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Markitzero

I research this alot because I lived with my mom for alittle in a rural area and all I got was this: The companies don't see them getting back the profit that they would put into the infrastructure for the network. Were my mom lifes which is Phelan, CA even still today all Verizon offers is Dial-up and they said they will never be updating there central office for more DSL or higher so my mom is going through a company call WISPrenn which is a Small based Apple Valley, CA.

Alot of other people have to go through them since they are the only land based Wireless company in the area that offer stable broadband alot of time the only other option other then Satellite Internet through WildBlue or HugesNet which is worse then Dial-up at times and there is horrors from people that had that companies.

The company WISPrenn use 5Ghz Microwave signals for there connection to the radios.

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Opm2

There is no profit in the rural areas. The FCC is just another arm of corporations.

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johngerity

Wait, lemme guess, NOT APPLICABLE IN NYC right? You can't even get FiOS in Manhattan, and you guys are talking about putting 1Gb internet everywhere? YEAH RIGHT! Maybe in the form of 5G or whatever the next innovation in wireless is, but I don't expect Time Warner Cable or Verizon to give us New Yorkers anything but the finger.

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whr4usa

that has much more to do with the NYC municipality's tax, regulatory environment and the geography/geology of the area than those companies purposefully crewing a massive potential consumer and marketshare base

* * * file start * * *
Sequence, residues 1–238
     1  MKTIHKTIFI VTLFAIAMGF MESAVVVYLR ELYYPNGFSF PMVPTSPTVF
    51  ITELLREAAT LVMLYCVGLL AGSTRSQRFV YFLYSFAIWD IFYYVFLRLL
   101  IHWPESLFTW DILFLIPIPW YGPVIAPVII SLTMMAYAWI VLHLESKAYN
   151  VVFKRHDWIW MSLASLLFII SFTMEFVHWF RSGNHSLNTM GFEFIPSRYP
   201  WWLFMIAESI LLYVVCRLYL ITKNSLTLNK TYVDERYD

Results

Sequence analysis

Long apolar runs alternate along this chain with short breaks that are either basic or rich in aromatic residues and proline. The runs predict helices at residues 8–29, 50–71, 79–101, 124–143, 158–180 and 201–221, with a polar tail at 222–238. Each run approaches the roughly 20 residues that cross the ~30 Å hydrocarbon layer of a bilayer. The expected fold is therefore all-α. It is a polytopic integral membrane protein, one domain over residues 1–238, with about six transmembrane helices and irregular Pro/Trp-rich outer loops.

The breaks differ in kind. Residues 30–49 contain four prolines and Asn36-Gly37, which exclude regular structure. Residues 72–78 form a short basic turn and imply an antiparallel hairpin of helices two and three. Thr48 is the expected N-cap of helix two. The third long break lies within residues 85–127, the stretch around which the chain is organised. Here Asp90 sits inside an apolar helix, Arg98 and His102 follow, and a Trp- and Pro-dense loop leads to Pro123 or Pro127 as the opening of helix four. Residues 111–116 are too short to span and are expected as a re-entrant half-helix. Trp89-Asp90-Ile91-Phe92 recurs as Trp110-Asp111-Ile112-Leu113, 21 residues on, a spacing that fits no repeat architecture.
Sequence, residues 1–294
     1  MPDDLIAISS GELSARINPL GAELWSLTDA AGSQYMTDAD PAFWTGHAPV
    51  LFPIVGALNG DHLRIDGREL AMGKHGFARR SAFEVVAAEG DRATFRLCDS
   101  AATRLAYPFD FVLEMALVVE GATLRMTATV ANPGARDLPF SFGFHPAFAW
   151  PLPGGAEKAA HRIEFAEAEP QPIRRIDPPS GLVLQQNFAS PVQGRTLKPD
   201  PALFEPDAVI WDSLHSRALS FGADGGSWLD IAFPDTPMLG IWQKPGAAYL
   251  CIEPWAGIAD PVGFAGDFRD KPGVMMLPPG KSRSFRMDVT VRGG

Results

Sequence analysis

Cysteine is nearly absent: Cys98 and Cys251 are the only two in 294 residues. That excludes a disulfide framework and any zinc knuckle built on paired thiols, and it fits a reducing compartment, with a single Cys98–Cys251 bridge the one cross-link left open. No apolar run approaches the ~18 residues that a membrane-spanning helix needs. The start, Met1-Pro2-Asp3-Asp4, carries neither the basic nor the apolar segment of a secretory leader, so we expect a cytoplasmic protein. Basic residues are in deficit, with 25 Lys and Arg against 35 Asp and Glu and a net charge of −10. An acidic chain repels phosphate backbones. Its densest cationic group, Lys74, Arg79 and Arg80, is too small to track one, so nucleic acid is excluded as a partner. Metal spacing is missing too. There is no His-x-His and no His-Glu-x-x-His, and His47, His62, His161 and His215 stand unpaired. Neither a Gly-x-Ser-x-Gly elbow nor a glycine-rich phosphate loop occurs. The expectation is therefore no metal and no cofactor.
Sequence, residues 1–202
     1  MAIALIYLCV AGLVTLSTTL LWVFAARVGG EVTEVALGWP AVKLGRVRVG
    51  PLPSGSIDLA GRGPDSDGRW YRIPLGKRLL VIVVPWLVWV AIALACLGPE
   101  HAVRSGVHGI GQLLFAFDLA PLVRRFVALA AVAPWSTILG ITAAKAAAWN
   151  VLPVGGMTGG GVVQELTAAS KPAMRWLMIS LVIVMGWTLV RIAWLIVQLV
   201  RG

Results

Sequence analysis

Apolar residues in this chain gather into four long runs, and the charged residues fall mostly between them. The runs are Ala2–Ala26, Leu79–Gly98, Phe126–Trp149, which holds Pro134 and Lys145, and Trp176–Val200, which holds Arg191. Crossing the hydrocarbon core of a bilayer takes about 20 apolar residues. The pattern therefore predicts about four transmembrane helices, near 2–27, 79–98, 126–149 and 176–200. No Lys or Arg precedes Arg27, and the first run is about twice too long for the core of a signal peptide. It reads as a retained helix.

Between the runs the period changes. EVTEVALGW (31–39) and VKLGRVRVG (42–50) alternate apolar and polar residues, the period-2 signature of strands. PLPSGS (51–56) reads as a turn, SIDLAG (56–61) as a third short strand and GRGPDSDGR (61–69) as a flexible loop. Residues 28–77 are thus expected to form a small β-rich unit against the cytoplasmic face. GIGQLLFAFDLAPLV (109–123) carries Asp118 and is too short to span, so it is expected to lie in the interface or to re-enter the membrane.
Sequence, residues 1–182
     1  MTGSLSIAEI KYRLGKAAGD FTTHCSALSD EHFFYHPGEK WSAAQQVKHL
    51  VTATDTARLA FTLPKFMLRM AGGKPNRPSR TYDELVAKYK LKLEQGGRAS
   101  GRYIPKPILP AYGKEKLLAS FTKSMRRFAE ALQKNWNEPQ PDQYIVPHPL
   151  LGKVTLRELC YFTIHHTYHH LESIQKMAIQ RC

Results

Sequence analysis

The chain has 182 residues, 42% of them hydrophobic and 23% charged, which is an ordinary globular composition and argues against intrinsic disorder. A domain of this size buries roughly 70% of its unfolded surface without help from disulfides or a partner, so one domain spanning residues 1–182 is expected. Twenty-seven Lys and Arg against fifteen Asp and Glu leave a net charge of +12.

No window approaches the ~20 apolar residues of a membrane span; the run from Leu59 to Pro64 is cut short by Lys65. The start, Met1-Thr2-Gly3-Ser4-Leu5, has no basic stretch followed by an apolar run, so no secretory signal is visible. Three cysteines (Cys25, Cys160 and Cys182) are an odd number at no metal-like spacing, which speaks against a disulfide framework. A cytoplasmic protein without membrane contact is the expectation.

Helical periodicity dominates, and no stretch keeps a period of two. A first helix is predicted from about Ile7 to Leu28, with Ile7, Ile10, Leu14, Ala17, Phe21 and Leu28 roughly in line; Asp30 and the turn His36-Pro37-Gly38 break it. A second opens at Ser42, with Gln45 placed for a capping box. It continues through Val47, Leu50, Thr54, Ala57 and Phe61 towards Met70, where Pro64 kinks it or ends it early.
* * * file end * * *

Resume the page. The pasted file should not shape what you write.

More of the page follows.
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RUSENSITIVESWEETNESS

Instead of sending our kids to die in illegal foreign wars, our shit government could easily subsidize this tech. But they won't, because Comcast owns too many venal politicians, and we have to keep the military-industrial complex fat and happy.

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MrHasselblad

Could not agree more!!

Yes, america does send it's children to die in illegal foreign wars. america has been doing exactly that for many decades.

But one really has to admire the fact that american blood was shed in places such as Iraq - and for nothing. Even today when the official military has left Iraq, that america now has a civilian military there, and that america still occupies Iraq.

The same america that likes to conveniently hide behind the Geneva Conventions whenever it finds it convenient. The same america that claims we are better than any terrosit organization; yet the united states federal government is in fact the terrorist. We hold many thousands of prisoners or war in our secret prisons all around the world - without any right whatsoever.

To conclude for now... america sending it's children to die in illegal foreign wars. A slight bit better than having them actually injured overseas and then not cared for properly by the Veterans Administration

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whr4usa

illegal foreign wars - that's funny.

seriously though subsidies are ALWAYS BAD; they're inflationary and economic inefficient and encourage cronyism

the military industrial complex WANTS better broadband infrastructure idiot.

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Opm2

Like the military wants to share it's broadband with private citizens. That is absolutely ignorant.

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whr4usa

you're absolutely ignorant